Gen. Umit Dundar, commander of the 1st army in Istanbul, pledged allegiance to Erdoğan during the early hours of the attempt, according to Berat Albayrak, Erdoğan’s son-in-law. It is unlikely that the military leadership would consider committing to a coup without the participation of the commander of the 1st army. It is possible, therefore that Dundar earlier gave the impression that he was in favor of a coup and misled some officers while intending to side with Erdoğan.
Military units in Istanbul closed access to the Bosphorus Bridge around 8 pm. It was later revealed that these units were under the impression that they were participating in an exercise. Gen. Dundar did nothing to stop the bridge closure despite the fact that the bridge lies in the area of the 1 st army.
Gen. Hulusi Akar, Chief of General Staff, did not go along with the demands of the pro-coup officers. However, some of his actions raise questions. Could top level commanders hold meetings about a military coup without his knowledge and approval? Was he threatened by Erdoğan to play along with his plan? Why did he not protect himself or the general staff headquarters, or inform Erdoğan? Why did he not take more effective actions between 4 pm, when he was first informed by MIT Chief Fidan, and 9 pm, when he was reportedly taken hostage?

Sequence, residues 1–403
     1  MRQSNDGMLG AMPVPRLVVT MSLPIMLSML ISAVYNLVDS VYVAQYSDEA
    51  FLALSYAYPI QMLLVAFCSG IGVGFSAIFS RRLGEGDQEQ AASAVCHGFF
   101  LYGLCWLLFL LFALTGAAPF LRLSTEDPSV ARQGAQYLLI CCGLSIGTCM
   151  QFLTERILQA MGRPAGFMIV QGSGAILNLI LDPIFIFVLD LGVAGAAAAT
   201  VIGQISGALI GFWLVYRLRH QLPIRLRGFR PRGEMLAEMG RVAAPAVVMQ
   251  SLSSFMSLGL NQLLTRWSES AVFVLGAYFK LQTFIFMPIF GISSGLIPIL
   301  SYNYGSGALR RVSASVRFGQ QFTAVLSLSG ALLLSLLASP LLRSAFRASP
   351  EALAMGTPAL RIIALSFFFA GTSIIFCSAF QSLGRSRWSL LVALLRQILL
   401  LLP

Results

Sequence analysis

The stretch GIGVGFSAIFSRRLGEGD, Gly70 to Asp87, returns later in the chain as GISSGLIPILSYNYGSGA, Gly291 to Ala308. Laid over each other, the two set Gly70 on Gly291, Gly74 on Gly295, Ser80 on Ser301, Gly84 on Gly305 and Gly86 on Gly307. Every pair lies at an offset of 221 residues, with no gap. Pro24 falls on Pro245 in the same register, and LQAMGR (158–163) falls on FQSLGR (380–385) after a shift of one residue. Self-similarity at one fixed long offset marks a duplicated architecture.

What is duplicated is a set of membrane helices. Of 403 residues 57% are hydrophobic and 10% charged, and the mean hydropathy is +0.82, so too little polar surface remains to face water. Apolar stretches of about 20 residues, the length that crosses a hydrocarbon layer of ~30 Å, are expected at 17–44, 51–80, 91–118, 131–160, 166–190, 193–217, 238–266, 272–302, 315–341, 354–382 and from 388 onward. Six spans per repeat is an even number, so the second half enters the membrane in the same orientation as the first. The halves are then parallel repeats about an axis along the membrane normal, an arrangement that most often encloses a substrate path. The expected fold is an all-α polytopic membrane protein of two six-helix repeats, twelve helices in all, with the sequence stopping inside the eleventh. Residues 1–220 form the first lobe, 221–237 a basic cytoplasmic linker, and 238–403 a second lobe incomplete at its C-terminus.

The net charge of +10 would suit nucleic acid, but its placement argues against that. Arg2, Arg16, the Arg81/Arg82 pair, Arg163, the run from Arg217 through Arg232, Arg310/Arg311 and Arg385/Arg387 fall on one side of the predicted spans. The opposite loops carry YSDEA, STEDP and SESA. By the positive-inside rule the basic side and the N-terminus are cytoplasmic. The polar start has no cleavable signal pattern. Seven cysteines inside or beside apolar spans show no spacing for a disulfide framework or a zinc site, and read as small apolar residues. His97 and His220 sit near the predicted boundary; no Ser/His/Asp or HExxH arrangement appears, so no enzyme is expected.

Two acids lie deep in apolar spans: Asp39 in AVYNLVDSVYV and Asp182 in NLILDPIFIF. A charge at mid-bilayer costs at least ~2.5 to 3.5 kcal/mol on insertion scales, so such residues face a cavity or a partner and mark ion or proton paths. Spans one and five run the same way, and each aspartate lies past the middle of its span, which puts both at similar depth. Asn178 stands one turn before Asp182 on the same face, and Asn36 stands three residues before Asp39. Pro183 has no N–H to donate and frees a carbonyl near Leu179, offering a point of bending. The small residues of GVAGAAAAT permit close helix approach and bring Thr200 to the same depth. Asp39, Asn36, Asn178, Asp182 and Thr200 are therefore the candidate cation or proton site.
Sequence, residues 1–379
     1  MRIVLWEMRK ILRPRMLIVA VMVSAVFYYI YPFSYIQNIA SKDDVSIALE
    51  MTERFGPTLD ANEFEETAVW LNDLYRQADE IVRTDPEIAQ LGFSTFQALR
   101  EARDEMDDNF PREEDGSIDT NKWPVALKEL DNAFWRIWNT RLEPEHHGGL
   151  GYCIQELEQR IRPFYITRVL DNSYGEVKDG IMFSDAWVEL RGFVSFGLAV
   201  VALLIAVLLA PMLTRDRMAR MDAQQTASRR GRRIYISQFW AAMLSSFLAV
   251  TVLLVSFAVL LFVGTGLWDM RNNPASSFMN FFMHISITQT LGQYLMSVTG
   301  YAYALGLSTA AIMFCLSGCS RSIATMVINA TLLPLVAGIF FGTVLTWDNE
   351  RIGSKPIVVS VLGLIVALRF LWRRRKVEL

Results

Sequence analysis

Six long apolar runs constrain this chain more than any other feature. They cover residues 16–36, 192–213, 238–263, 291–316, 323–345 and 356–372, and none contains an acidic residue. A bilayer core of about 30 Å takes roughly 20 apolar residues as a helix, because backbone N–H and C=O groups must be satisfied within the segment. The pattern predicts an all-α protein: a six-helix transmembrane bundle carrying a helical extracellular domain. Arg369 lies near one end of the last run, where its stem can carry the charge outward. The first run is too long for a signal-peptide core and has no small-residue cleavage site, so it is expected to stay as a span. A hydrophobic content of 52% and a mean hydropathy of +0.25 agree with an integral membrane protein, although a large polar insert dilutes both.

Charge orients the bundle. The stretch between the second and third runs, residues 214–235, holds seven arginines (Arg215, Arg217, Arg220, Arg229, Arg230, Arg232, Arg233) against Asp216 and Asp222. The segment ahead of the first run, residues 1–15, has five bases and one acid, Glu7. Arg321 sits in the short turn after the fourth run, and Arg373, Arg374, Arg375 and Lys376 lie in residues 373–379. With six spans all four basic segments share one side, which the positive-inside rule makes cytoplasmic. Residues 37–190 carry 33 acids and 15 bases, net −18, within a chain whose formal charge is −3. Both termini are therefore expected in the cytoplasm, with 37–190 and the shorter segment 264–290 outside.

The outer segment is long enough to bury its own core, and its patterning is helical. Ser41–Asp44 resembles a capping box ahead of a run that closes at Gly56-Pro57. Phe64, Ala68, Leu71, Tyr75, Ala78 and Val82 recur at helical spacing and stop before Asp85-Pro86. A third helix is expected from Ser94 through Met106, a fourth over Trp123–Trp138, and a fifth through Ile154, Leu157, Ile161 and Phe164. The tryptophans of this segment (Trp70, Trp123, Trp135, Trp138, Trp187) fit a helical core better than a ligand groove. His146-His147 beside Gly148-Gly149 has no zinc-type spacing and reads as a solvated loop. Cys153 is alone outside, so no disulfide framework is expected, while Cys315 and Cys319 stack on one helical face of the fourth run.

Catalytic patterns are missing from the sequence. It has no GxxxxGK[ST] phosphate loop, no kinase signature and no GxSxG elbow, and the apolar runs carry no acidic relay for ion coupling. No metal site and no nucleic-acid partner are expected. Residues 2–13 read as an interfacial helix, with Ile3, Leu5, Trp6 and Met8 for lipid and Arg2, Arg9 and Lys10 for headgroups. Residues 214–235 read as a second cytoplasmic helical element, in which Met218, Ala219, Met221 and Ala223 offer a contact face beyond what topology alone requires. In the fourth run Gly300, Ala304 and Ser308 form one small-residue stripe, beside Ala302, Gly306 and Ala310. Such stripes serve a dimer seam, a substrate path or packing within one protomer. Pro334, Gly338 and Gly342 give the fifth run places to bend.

Gen. Akar was also criticized for not recalling force commanders, who were attending wedding ceremonies, to return to their headquarters and resume command of their forces. Despite the early information, these commanders did not take precautions to protect themselves and were later taken hostage. Their self-reported actions to try to stop the coup attempt were meager and raise many questions.
Gen. Akın Ozturk, the former commander of the Air Force, was charged with being the military leader of the coup by the government. However, the Office of the Chief of the General Staff issued a message describing him as a hero who tried to stop the pro-coup officers and prevent bloodshed. This message was later removed, but is available on other sites. He was charged nevertheless, then arrested and jailed.
Selahattin Demirtas, the co-chair of the HDP, the second largest opposition party, in a speech before the Turkish parliament, stated that Erdoğan knew about the coup attempt and foiled it before it started and his men added some dramatic elements (such as bombing the parliament) allowing Erdoğan to take full political advantage of the incident. Demirtas also claimed that many in the parliament were aware of this but afraid to speak publicly. Demirtas was arrested in February 2017 under terrorism charges.
The Erdoğan government’s alleged “evidence” implicating Gülen and his sympathizers fails to convince.